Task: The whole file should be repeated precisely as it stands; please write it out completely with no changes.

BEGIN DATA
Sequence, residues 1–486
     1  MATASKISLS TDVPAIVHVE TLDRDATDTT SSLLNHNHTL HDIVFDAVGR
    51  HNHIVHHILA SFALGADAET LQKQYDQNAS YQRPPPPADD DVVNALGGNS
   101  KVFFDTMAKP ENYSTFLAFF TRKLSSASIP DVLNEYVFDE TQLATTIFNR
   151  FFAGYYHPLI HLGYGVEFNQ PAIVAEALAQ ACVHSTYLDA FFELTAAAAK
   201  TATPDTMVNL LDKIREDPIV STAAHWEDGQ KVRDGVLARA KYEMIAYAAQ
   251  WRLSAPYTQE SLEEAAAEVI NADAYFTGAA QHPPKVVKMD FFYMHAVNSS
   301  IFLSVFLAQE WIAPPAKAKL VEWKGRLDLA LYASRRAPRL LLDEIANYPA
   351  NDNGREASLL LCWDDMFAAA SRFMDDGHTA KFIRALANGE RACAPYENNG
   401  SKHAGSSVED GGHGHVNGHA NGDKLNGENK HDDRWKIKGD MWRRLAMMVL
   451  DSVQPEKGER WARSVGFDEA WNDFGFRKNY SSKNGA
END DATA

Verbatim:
Sequence, residues 1–486
     1  MATASKISLS TDVPAIVHVE TLDRDATDTT SSLLNHNHTL HDIVFDAVGR
    51  HNHIVHHILA SFALGADAET LQKQYDQNAS YQRPPPPADD DVVNALGGNS
   101  KVFFDTMAKP ENYSTFLAFF TRKLSSASIP DVLNEYVFDE TQLATTIFNR
   151  FFAGYYHPLI HLGYGVEFNQ PAIVAEALAQ ACVHSTYLDA FFELTAAAAK
   201  TATPDTMVNL LDKIREDPIV STAAHWEDGQ KVRDGVLARA KYEMIAYAAQ
   251  WRLSAPYTQE SLEEAAAEVI NADAYFTGAA QHPPKVVKMD FFYMHAVNSS
   301  IFLSVFLAQE WIAPPAKAKL VEWKGRLDLA LYASRRAPRL LLDEIANYPA
   351  NDNGREASLL LCWDDMFAAA SRFMDDGHTA KFIRALANGE RACAPYENNG
   401  SKHAGSSVED GGHGHVNGHA NGDKLNGENK HDDRWKIKGD MWRRLAMMVL
   451  DSVQPEKGER WARSVGFDEA WNDFGFRKNY SSKNGA